Wild Lectionary: No Peace in Heaven, No Peace on Earth

van-gogh-the-starry-night-1889

Vincent VanGogh’s Starry Night

Liturgy of the Palms Year C
By Wes Howard-Brook and Sue Ferguson Johnson

In the fifteenth year of the reign of Emperor Tiberius, when Pontius Pilate was governor of Judea, and Herod was ruler of Galilee, and his brother Philip ruler of the region of Ituraea and Trachonitis, and Lysanias ruler of Abilene, during the high priesthood of Annas and Caiaphas, the word of God came to John son of Zechariah in the wilderness. (Luke 3.1-2)

Do you think that I have come to bring peace to the earth? No, I tell you, but rather division! (Luke 12.51)

As he was now approaching the path down from the Mount of Olives, the whole multitude of the disciples began to praise God joyfully with a loud voice for all the deeds of power that they had seen, 38 saying,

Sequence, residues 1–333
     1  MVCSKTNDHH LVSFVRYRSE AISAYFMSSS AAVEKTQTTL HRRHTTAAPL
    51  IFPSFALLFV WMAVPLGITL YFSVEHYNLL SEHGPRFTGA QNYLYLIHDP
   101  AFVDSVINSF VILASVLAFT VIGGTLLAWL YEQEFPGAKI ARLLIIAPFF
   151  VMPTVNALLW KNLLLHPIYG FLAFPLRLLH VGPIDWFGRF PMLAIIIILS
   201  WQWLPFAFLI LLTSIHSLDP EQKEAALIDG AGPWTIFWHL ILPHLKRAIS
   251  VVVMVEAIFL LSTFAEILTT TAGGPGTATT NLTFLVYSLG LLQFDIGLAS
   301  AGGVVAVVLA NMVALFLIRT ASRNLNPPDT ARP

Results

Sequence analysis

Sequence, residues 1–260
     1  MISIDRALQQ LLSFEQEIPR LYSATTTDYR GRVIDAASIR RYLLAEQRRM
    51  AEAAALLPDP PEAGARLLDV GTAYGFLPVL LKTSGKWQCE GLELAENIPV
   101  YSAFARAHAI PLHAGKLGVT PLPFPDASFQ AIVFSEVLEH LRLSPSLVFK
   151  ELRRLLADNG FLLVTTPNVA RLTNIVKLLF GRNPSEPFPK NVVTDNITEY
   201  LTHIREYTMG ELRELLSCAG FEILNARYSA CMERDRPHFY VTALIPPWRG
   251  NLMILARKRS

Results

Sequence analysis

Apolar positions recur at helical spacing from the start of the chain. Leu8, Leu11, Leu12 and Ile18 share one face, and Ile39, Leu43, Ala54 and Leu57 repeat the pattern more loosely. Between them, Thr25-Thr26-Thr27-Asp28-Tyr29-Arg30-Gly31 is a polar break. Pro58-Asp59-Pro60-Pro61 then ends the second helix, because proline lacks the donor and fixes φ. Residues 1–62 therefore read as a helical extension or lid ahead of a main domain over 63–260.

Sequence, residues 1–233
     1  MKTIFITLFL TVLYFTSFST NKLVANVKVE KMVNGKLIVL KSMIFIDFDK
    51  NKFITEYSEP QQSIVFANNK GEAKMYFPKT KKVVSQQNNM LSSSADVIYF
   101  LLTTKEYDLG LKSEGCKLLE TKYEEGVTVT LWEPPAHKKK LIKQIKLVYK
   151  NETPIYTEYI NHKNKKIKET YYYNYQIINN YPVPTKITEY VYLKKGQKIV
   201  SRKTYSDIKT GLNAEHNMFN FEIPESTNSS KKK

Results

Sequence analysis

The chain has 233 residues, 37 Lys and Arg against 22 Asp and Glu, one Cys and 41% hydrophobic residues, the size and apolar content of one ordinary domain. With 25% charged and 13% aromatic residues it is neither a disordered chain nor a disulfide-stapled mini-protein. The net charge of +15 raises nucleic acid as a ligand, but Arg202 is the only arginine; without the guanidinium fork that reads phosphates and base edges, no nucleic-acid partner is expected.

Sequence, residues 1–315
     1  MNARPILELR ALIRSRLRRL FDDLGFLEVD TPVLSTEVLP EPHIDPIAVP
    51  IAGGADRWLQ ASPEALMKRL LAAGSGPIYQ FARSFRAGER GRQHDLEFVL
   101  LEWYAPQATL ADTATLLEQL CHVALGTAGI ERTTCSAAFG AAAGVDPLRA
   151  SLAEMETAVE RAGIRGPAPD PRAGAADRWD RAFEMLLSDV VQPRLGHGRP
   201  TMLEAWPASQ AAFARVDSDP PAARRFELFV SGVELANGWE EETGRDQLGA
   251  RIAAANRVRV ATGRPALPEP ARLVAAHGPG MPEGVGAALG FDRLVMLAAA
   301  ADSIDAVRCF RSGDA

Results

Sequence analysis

“Blessed is the king

who comes in the name of the Lord!
Peace in heaven,
and glory in the highest heaven!
(Luke 19.37-38)

In imagining ways to hear Scripture from the lens of “wild lectionary,” we tend to jump to details of life on earth: water, trees, animals, mountains. This focus on earth is challenged by this week’s passage from Luke, as Jesus and his disciples enter Jerusalem for what we’ve come to call “Holy Week.” For Luke tells us that “the whole multitude of disciples” proclaimed as Jesus came down the Mount of Olives, not “peace on earth,” but “peace in heaven.” What can they be thinking? What is the relationship between heaven and earth when it comes to making peace? Continue reading